In Spain it’s been a slow start for Suárez. He’s scored three times in eleven games and provided a couple of tidy assists. Don’t forget, his first six months at Anfield were relatively quite too. This is just the calm before the storm; although whether the storm will be positive or negative for the fiery 27-year-old is anyone’s guess.
– December 2014
The above paragraph concluded Luis Suárez’s entry at number four in Back Page Football’s ‘Top 50 Players in the World 2014’ countdown. It’s safe to say, the storm has come and for Barcelona’s opponents it couldn’t be more devastating.
The Uruguayan’s slow start extended to just six goals in 20 games in all competitions. He was banned for his first three months at the club and then struggled to impact during the following three.
Then came February and the first signs of winter’s end; Suárez has blossomed ever since.
Suárez’s last nine games have yielded eight strikes and one assist. His form has been of extra significance, coinciding with Barca’s ascension to the top of La Liga and Neymar’s dip in fortune.
A return to England brought a crucial brace against Manchester City in the Champions League, then in Sunday’s el clásico the 28-year-old former Liverpool and Ajax striker produced the match-winning moment to send the Catalonians four points clear of Real Madrid going into the international break.
Big chunks of that €80 million already paid off.
The break has given the dust a chance to settle and the aftermath of the storm has left Suárez with a tally of 14 goals and 12 assists in 29 games. While still not sensational, it certainly compares favorably to the debut seasons produced by the other strikers who have been tasked with partnering Lionel Messi over the years.
The table below shows how Barca’s big money forward signings fared (in all competitions) in their first year at Camp Nou:
[Note: Only forward players signed when Messi was a first-team regular are included which discounts Samuel Eto’o.]
Everyone of those strikers, it is fair to say, is better than their debut campaign suggests. Not that they underperformed or that their returns aren’t respectable; they’ve just all had better individual seasons than their first with Barca.
Each one was the main man at the club they departed to sign for Barcelona and each one had to adjust to playing a background role to the genius of Messi.
As you can see from the table, despite his early season struggles Suárez has a better goals per game ratio than any of his predecessors. If he can carry his current form through the international break and out the other side then he’ll leave the others in the dust.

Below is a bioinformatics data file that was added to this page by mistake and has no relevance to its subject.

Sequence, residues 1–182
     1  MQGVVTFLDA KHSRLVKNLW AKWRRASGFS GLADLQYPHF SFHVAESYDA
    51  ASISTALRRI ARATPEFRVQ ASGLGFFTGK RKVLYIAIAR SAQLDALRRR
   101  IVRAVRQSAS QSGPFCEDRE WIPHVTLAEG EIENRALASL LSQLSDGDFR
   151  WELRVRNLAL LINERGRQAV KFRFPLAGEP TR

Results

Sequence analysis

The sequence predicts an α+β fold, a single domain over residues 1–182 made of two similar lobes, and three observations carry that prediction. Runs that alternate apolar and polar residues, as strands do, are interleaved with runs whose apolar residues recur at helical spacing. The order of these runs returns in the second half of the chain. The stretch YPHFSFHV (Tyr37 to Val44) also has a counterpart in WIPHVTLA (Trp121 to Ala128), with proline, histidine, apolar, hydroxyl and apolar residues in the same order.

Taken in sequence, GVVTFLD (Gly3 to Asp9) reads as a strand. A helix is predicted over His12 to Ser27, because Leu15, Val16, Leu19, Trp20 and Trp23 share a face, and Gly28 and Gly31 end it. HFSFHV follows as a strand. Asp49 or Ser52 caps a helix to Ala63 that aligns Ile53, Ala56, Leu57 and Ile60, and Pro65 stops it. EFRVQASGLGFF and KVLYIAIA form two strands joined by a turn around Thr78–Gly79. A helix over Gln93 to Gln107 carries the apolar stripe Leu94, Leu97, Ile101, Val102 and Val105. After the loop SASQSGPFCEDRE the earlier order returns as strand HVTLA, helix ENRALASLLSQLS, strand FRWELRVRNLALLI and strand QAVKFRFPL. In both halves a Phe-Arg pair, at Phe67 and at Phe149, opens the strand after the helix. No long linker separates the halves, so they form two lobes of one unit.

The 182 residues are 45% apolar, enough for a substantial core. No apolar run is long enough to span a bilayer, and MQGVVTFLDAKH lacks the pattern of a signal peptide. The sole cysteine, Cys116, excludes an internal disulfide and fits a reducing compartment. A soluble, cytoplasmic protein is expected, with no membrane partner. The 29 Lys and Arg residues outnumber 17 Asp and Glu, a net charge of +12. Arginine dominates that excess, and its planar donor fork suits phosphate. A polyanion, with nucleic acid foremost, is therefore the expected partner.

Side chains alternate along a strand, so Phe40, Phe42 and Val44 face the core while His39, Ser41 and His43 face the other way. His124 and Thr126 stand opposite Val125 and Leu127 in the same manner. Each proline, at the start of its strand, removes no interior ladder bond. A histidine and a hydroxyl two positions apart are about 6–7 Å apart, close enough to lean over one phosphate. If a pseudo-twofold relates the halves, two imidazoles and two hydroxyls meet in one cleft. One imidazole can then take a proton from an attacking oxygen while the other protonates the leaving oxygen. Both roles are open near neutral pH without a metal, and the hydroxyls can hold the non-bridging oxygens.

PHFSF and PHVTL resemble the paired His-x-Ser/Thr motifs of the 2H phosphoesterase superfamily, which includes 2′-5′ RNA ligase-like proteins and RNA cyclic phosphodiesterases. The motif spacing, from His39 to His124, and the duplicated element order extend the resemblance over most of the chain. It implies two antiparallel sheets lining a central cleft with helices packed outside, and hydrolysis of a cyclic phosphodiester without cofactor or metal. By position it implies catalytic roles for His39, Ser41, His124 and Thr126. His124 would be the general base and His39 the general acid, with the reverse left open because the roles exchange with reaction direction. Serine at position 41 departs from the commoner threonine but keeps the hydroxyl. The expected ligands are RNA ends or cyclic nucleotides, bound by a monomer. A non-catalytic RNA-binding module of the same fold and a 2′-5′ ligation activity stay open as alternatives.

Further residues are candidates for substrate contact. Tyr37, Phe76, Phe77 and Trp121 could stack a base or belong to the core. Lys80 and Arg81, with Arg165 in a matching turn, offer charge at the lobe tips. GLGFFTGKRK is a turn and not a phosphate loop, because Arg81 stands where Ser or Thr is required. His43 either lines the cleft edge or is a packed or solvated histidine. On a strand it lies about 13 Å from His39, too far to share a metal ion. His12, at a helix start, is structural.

On the other side of the coin, we could just as easily see him return to the irregular scoring of November to January.
Even in such a case, he’d only need to score twice in Barca’s remaining minimum of 13 fixtures to overhaul the tallies of Neymar and Alexis Sanchez.
If he were to to maintain his overall ratio of 0.48 goals per game the remaining ties would harvest a further six goals, putting him ahead of Thierry Henry and just behind Zlatan Ibrahimović and David Villa.
If Suárez replicates anything close to the last eight weeks then he could be well on his way to being recognised as the best striker partner Barca have found for Messi. The Stoichkov to Messi’s Romário.
It’s worth noting that Messi couldn’t find form when Neymar was producing his fine early season exploits this campaign but has had no trouble flourishing alongside a red hot Suárez.
It’s also certainly worth remembering that Suárez’s first seasons with both Ajax and Liverpool were quiet, by his own crazy standards at least. The true greatness came later.
If his time in Spain follows that trend then there will be no lingering debates over the fee the Barca hierarchy paid for him. Below is a table showing his record in his debut campaigns with his European clubs:
His debut year at Ajax makes for impressive reading but the 22 times he found the net in 42 games in 07/08 actually represents his weakest full season in Amsterdam. His fact sheet upon leaving for Anfield was a remarkable 111 goals in 159 games with the Dutch giants, meaning Suárez’s goals per game jumped from an initial 0.52 to an overall 0.69.
The same story is told of his time in the Premier League. After joining in January 2011 he scored four times in 13 games for the Reds. His first full season in England ended with a return of 17 goals in 39 games.
Suárez then really caught fire under Brendan Rodgers and The Kop couldn’t get enough of him before he departed for Spain with an overall record of 82 goals in 133 games. This time the ratio leaps from 0.43 goals per game to 0.61. His stay at Groningen only lasted one year.
At both European clubs with which Suárez stayed at for more than one season he improved quite dramatically as he settled in. To date he’s been marginally better, statistically at least, than any of the men bought to partner Messi have initially been.
If a similar improvement to what took place in Holland and England occurs in Catalonia then Real Madrid and the other giants of Europe will have to find some big answers to the questions Barcelona are going to ask of them.